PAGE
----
Journal of Gastrointestinal Surgery

, Volume 16, Issue 8, pp 1469–1477

Improved Quality of Life Following Total Pancreatectomy and Auto-islet Transplantation for Chronic Pancreatitis

Authors

    • Department of General SurgeryDigestive Disease Institute, Cleveland Clinic
    • Department of Surgery A100Cleveland Clinic
  • J. R. Aguilar Saavedra
    • Department of General SurgeryDigestive Disease Institute, Cleveland Clinic
  • G. Lentz
    • Department of General SurgeryDigestive Disease Institute, Cleveland Clinic
  • A. D. Guerron
    • Department of General SurgeryDigestive Disease Institute, Cleveland Clinic
  • J. Scheman
    • Department of Neurological Center for Pain, Neurological Cole InstituteCleveland Clinic
  • T. Stevens
    • Department of Gastroenterology, Digestive Disease InstituteCleveland Clinic
  • M. Trucco
    • Department of PediatricsUniversity of Pittsburgh, Division of Immunogenetics
  • R. Bottino
    • Department of PediatricsUniversity of Pittsburgh, Division of Immunogenetics
  • B. Hatipoglu
    • Department of Endocrinology, Endocrinology and Metabolism InstituteCleveland Clinic
Original Article

DOI: 10.1007/s11605-012-1914-6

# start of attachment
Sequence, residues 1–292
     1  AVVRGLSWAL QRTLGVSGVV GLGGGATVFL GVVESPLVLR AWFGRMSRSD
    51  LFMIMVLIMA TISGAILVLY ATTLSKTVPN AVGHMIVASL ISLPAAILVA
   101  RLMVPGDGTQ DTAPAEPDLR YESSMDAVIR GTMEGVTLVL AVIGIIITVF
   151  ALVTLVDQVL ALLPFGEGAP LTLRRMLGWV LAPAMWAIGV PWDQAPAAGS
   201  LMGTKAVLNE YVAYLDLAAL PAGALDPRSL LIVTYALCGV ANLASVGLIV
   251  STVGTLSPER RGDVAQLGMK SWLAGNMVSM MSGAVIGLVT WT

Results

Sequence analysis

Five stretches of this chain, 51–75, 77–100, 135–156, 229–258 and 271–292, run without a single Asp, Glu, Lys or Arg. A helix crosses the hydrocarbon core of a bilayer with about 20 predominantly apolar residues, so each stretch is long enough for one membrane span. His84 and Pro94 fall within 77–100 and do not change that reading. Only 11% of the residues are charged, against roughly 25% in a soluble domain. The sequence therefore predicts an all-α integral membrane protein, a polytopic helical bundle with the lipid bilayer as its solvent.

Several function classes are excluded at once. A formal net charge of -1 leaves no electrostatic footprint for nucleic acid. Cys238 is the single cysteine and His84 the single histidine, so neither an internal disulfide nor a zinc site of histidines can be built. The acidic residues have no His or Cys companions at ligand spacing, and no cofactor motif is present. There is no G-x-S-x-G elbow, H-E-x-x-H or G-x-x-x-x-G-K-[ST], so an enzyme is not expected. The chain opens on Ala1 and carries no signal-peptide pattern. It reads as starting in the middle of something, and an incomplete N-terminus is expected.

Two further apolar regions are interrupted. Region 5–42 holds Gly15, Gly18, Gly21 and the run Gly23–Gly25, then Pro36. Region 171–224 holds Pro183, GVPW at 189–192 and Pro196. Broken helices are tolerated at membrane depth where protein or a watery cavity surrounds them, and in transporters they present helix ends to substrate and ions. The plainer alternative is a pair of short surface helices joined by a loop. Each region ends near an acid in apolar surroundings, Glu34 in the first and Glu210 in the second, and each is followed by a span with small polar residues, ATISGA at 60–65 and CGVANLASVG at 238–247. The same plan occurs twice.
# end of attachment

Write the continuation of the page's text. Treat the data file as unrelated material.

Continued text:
Cite this article as:
Walsh, R.M., Saavedra, J.R.A., Lentz, G. et al. J Gastrointest Surg (2012) 16: 1469. doi:10.1007/s11605-012-1914-6

Abstract

Background

Total pancreatectomy (TP) with auto-islet transplant (AIT) is an extreme treatment for chronic pancreatitis, and we reviewed our experience to assess the impact on quality of life (QOL).

Methods

A prospective cohort study from 2007 through 2010 with pre- and postoperative assessments of the Depression Anxiety Stress Scale, Pain Disability Index, and visual analogue pain scale was performed.

Results

Twenty patients underwent TP-AIT with a median follow-up of 12 months (6.75–24 months). All patients reported moderate (45 %) to severe (55 %) pain prior to surgery. TP-AIT resulted in significant decreases in abdominal pain (p < 0.001), 80 % reporting no or mild pain. Despite pain improvement, only 30 % discontinued narcotics. Improvements in all PDI QOL domains improved from 79 to 90 % (p = 0.002), with greatest improvements seen in those without prior pancreatic surgery, younger patients, and in those with higher levels of preoperative pain. Patients were less affected by depression and anxiety prior to surgery, but 60 and 70 % did show improvement in depression and anxiety, respectively (p = 0.033). Sixteen patients (80 %) required exogenous insulin at last follow-up (mean total dose of insulin 11.6 U/day).

Conclusions

TP-AIT significantly improves pain and QOL measures in appropriately selected patients with CP.

Keywords

Chronic pancreatitisQuality of lifeTotal pancreatectomyAutologous islet transplant

Copyright information

© The Society for Surgery of the Alimentary Tract 2012